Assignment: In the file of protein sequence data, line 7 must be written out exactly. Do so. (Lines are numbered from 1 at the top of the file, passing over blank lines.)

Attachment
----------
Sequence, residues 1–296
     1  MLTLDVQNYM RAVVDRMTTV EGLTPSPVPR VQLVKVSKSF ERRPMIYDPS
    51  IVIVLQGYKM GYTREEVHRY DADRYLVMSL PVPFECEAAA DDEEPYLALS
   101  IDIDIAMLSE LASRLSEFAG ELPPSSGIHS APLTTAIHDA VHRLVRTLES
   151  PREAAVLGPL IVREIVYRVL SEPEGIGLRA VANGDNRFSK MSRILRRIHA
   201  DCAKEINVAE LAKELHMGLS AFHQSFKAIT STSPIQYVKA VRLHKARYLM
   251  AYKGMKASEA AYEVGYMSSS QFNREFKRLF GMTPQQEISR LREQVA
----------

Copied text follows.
   251  AYKGMKASEA AYEVGYMSSS QFNREFKRLF GMTPQQEISR LREQVA